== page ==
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Hoffmann, R. A wiki for the life sciences where authorship matters. Nature Genetics (2008)

Inhibition of human immunodeficiency virus proliferation by macrocyclic polyamines and their metal complexes.

The macrocyclic polyamines, cyclen and cyclam, and their derivatives have been tested for inhibitory activity against the cytopathogenic effect (CPE) of human immunodeficiency virus type 1 strain HTLV-IIIB (HIV-1IIIB) on CD4+ human lymphoblastoma MT-4 cells. Cyclam and its derivatives were complexed with a variety of transition metal ions NiII, ZnII, CuII, FeIII and CoIII. The divalent metal complexes effected lower toxicity and greater anti-HIV-1 activity, while the trivalent metal complexes had no effect on HIV-1-dependent CPE. When dimerized, the anti-HIV activity of monomers was significantly enhanced. A potent inhibition of CPE by biscyclam was transiently observed 4 d after the virus infection, but was not seen at 6 d due to severe toxicity. The toxicity of biscyclam, referred to as delayed toxicity, could be overcome by a metal complexation. The strain specificities of biscyclams were further studied by testing their effects on syncytium formation between HIV-infected and uninfected human acute lymphoblastic leukemia MOLT-4 cells. The 50% inhibitory concentrations of biscyclams against HIV-2GH-1-dependent syncytium formation were less than one hundredth those for the other HIV strains (HIV-1IIIB, HIV-1RF and HIV-1SF-2).[1]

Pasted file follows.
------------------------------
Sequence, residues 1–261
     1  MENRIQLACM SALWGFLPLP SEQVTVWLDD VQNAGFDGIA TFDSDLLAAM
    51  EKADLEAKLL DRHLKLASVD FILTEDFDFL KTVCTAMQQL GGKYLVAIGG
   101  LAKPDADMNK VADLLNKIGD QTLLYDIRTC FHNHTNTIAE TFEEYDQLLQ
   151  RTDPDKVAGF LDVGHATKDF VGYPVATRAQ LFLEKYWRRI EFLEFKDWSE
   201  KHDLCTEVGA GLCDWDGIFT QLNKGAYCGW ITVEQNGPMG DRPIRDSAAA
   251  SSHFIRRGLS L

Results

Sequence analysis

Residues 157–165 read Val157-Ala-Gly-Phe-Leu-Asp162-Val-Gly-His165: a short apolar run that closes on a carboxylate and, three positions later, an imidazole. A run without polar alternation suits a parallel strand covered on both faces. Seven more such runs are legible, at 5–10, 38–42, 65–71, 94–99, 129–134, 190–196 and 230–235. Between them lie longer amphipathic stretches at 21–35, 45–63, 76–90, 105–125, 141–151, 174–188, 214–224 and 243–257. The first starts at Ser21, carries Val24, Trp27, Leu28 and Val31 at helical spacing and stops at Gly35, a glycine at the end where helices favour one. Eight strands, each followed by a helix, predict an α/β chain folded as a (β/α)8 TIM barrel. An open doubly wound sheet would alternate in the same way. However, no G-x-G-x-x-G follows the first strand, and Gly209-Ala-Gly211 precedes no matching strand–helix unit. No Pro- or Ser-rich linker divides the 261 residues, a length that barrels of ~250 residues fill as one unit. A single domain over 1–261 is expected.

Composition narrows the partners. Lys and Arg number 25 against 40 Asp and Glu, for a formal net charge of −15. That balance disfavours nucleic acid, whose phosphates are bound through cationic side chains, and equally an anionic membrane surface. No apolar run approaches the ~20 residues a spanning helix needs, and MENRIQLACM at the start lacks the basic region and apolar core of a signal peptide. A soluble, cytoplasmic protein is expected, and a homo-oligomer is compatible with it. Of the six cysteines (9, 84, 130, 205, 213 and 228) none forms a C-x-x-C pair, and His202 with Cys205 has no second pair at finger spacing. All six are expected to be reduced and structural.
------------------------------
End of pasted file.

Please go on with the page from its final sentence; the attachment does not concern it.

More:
1. Inhibition of human immunodeficiency virus proliferation by macrocyclic polyamines and their metal complexes. Inouye, Y., Kanamori, T., Yoshida, T., Bu, X., Shionoya, M., Koike, T., Kimura, E. Biol. Pharm. Bull. (1994) [Pubmed]
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